There you have it, as reported by Student's-Eye View:
November 17, 2014
At 1:40 in the video, Allan Rock is asked why the university’s new Security and Policy Institute (SPI) program was not approved by the university Senate or Board of Governors.
An English translation of this segment of the video (beginning at 1:40 and ending at 3:34) is as follows (free translation):
LR: Our next question is about the Security and Policy Institute.Video by La Rotonde:
LR: So, since the Board of Governors and the Senate were not consulted, we would like to know who approved the program and why there were no consultations?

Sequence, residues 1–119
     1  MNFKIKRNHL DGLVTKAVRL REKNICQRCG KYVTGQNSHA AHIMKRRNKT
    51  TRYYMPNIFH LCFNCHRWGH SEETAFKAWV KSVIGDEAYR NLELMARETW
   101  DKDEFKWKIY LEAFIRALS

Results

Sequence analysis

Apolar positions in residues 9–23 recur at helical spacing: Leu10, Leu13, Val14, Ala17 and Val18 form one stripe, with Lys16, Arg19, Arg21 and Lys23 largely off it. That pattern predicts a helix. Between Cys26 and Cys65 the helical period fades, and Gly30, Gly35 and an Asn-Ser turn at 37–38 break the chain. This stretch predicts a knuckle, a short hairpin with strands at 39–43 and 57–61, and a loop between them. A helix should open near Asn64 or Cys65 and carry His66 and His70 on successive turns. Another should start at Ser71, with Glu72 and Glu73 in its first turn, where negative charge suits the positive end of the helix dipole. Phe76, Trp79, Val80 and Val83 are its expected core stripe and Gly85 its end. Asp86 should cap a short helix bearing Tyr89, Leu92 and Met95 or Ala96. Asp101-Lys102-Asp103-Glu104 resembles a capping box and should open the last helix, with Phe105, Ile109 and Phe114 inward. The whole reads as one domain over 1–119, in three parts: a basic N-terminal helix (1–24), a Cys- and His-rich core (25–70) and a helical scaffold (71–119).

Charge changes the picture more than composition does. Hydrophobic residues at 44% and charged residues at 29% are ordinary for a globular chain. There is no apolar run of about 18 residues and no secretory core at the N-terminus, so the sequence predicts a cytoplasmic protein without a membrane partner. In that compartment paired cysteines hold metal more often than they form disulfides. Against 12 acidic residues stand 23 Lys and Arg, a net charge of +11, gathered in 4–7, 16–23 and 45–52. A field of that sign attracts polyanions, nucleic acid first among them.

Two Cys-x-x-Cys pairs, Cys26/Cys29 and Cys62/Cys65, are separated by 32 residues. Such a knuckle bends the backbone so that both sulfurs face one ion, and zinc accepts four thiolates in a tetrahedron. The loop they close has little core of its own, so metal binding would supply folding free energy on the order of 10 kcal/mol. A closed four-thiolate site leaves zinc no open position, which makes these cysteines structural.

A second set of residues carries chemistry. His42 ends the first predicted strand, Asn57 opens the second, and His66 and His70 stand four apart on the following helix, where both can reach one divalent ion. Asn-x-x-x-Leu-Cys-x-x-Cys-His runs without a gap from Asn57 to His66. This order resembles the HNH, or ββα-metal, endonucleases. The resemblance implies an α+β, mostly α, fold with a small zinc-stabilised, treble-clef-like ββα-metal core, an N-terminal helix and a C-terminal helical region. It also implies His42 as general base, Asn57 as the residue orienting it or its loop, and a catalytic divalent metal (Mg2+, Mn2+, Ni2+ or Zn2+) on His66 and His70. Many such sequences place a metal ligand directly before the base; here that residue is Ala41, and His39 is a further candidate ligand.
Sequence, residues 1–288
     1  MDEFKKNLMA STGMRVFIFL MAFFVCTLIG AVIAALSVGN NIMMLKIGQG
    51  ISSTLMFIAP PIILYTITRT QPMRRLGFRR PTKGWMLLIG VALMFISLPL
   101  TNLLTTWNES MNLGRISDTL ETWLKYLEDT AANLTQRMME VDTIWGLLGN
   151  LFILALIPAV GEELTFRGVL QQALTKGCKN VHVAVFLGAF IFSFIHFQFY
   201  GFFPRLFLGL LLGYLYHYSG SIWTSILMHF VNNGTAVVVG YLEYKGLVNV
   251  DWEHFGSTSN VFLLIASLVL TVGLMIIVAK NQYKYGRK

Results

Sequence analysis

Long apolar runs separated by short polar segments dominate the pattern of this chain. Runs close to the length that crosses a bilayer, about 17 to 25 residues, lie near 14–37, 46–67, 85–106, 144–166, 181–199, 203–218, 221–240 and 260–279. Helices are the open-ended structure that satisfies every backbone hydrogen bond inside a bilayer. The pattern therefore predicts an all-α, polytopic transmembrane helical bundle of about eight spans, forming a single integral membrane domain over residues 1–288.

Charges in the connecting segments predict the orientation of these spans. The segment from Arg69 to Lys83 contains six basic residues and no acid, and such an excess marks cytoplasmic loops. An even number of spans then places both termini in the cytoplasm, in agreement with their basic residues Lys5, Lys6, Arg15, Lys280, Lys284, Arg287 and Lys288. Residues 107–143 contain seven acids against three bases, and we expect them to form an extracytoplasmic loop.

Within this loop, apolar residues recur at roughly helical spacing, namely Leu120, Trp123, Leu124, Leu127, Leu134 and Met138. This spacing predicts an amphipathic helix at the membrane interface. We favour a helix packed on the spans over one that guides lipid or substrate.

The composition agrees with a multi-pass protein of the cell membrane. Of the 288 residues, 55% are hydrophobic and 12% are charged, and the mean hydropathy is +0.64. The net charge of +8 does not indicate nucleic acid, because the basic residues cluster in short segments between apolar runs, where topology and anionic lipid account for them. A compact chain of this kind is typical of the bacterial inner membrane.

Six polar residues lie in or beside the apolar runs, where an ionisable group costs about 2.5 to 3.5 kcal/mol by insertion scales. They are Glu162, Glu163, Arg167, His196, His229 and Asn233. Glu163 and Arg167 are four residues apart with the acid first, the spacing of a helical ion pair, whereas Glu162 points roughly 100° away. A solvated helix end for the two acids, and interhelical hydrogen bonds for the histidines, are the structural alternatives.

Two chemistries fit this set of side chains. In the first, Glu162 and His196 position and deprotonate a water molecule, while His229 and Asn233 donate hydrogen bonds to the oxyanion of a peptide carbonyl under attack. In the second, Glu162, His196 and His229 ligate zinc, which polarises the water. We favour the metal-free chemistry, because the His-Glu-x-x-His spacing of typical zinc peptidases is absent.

Rock: Yes. Generally, when we launch a new program, whether it’s in Science, or the Faculty of Arts, or somewhere, we have a consultation and then we also have an analysis and discussions at the level of the Senate and its committees. In this case, we are talking about a program that is non-academic, in the sense that it’s not credited, it’s a program which is offered to people who are implicated in the domain, so that they can perfect their skills, in the professional sense. So, given that it’s not an academic program, we don’t need approval from the Senate and we did not initiate a consultation like we would do with an academic program. The Continuing Education Centre exists in order to give people who are already in the job market a means of improving and perfecting their professional skills — we hire people mostly from outside the university as teachers — so it’s not an academic program as such. We use the framework of the university to offer professional programs, and we also hope to generate additional revenue for the university.